Austin, Texas
Revision 2
March 30, 2007

Honorable Florence Shapiro, Chair, Senate Committee on Education
John S. O'Brien, Director, Legislative Budget Board
SB4 by Shapiro (Relating to open-enrollment charter schools and the creation of public charter districts.), Committee Report 1st House, Substituted

Estimated Two-year Net Impact to General Revenue Related Funds for SB4, Committee Report 1st House, Substituted: a negative impact of ($18,424,907) through the biennium ending August 31, 2009.

The bill would make no appropriation but could provide the legal basis for an appropriation of funds to implement the provisions of the bill.

Fiscal Year Probable Net Positive/(Negative) Impact to General Revenue Related Funds
2008 ($8,300,000)
2009 ($10,124,907)
2010 ($10,187,907)
2011 ($10,931,707)
2012 ($11,969,887)

Fiscal Year Probable Savings/(Cost) from
Probable Savings/(Cost) from
Change in Number of State Employees from FY 2007
2008 ($7,800,000) ($500,000) 7.0
2009 ($8,580,000) ($1,544,907) 7.0
2010 ($9,438,000) ($749,907) 7.0
2011 ($10,381,800) ($549,907) 7.0
2012 ($11,419,980) ($549,907) 7.0

Fiscal Analysis

The bill would dissolve existing open-enrollment charters if the charter holder fails to meet certain financial and student performance standards as established in the bill.  The bill also would revise financial and performance standards that serve as the basis for charter revisions, placement on probation, and revocation.

Section 11A.202 would create an instructional facilities allotment for charter districts that have (1) received an exemplary or recognized rating for any campus in the two prior years, and (2) satisfied financial auditing standards.  The allotment would provide $1,000, or a different amount by appropriation, for each student in average daily attendance during the preceding school year, to be used to purchase or lease real property, for debt service, or to maintain and operate instructional facilities. 

Subchapter I would establish a blue ribbon charter campus pilot program.  Subchapter J would establish receivership procedures for charter schools.  The changes in law made by Sections 1, 4-63, and 66 of this Act would apply beginning on August 1, 2008.  The changes in law made by Sections 2, 3, 64 and 65 would take effect on September 1, 2007, or immediately upon approval by the appropriate voting majorities.


The Texas Education Agency estimates that 7 new full-time equivalent positions (FTEs) would be needed to implement this legislation.  Five would be auditor positions to conduct reviews of the operations of charter schools, review quarterly reports, and to assist with closing charter districts not meeting standards.  One FTE would be responsible for updating and maintaining the charter accountability system and another would be added to the Charter School Division to assist with application reviews and technical assistance.  These 7 FTEs would require approximately $449,907 annually in salary, benefits, travel and other operating expenses.  Also, the Agency estimates the need for additional temporary staff to assist during the transition period as charters are being closed, at an estimated cost of $200,000 in 2009 and $100,000 in 2010.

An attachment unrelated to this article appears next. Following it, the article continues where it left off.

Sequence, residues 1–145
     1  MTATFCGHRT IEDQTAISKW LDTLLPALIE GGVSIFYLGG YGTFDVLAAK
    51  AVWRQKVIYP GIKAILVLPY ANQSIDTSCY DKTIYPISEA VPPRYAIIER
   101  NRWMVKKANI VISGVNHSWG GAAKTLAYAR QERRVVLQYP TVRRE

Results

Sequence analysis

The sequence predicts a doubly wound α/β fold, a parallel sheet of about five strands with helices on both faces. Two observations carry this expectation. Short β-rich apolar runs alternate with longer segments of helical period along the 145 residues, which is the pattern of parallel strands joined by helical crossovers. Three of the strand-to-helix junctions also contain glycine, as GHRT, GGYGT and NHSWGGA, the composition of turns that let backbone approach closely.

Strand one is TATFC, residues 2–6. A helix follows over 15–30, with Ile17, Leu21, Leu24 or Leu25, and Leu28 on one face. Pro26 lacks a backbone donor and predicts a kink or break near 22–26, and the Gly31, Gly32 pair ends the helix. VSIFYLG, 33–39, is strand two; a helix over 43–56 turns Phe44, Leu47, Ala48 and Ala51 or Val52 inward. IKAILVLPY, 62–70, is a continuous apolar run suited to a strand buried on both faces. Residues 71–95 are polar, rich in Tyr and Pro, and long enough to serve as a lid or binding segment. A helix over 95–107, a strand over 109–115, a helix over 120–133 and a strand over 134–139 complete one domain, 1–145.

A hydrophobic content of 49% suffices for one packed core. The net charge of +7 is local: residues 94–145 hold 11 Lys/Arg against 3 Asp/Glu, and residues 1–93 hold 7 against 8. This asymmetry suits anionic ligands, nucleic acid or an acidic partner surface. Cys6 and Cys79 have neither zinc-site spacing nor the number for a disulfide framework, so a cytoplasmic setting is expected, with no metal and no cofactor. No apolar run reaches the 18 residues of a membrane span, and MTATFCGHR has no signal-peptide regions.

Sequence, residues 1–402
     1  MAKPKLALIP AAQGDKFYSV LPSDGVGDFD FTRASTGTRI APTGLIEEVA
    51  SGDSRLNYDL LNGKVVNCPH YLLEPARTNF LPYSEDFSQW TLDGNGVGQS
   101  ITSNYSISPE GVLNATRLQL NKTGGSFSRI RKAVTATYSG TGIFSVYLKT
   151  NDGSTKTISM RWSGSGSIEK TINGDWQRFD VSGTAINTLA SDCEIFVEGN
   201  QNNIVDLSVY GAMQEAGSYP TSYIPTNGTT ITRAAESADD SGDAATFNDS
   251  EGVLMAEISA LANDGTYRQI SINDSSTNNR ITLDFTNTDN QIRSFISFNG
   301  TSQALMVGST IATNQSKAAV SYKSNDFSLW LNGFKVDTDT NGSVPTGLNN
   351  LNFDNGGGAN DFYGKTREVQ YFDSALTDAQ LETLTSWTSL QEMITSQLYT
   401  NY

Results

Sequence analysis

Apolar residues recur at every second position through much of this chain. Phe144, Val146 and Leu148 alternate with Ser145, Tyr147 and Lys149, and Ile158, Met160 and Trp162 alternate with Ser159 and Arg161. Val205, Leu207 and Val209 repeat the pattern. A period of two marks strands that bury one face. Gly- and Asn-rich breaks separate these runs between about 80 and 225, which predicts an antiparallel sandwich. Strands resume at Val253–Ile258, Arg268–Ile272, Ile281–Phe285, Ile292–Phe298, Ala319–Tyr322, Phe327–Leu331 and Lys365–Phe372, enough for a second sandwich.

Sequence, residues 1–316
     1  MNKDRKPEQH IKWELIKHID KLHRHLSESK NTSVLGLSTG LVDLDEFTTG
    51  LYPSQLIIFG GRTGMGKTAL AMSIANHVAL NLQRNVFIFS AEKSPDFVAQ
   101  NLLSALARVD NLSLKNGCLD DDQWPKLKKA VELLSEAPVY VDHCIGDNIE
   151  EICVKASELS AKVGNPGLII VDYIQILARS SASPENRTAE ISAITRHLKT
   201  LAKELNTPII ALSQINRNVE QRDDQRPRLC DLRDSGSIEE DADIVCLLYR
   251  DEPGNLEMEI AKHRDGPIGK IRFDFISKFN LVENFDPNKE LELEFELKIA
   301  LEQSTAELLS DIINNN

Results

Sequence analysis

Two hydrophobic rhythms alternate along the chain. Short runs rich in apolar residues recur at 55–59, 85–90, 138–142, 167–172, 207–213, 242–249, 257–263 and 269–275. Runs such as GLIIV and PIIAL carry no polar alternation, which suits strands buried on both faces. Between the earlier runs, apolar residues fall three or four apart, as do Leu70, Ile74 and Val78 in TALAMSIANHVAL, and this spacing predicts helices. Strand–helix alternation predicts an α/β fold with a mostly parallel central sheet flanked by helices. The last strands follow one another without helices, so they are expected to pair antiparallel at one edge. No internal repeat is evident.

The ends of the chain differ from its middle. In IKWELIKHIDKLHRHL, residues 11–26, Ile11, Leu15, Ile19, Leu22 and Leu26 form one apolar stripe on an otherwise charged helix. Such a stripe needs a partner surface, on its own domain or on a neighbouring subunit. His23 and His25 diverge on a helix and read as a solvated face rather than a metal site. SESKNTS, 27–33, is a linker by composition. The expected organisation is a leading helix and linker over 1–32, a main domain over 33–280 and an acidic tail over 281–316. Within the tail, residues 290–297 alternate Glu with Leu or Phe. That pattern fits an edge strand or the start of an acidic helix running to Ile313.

Based on current data and the criteria set forth in the bill, the Agency estimates that as many as 20 schools could be scheduled for closure on January 1, 2008.  The Agency anticipates that teams of 2 contractors, working an average of 44 days per closure, would handle approximately 16 closures in FY2009.  At an estimated cost of $480 per person per day, plus travel costs, this would entail a cost of $800,000 in FY2009.  The agency estimates that another 4 closures would occur in FY2010, at a cost of $200,000.  After the initial rounds of closures, the agency assumes that approximately 2 schools would be subject to closure each year, incurring a $100,000 annual cost.

It is estimated that 16 charter holders qualifying for the instructional facilities allotment as provided by the bill would represent approximately 7,800 in average daily attendance (ADA) in FY2008; at $1,000 per ADA this would result in a state cost of approximately $7.8 million in FY2008.  Holding the number of eligible charter districts steady and assuming an enrollment growth rate among eligible charters of 10 percent annually would increase costs between $800,000 and $1 million each year thereafter.  However, costs may vary significantly from this estimate depending on charter accountability ratings, which are unpredictable given the general volatility of charter school performance and the unknown impact of increasing state accountability standards.

One-time costs estimated to be $500,000 would be incurred to complete a comprehensive analysis and produce detailed recommendations to the legislature concerning implementation of a dropout recovery charter schools pilot program in high risk areas of the state by December 1, 2008.

Local Government Impact

Public charter districts would be subject to several new requirements related to financial accountability and governance.  Some of the new requirements may involve additional administrative costs to public charter districts, including compliance with financial accountability requirements.  Charter districts that fail to meet the financial and performance requirements established by the bill would be subject to closure and receivership procedures.

Eligible charter districts would receive new funding through the instructional facilities allotment.

Source Agencies:
701 Central Education Agency
LBB Staff: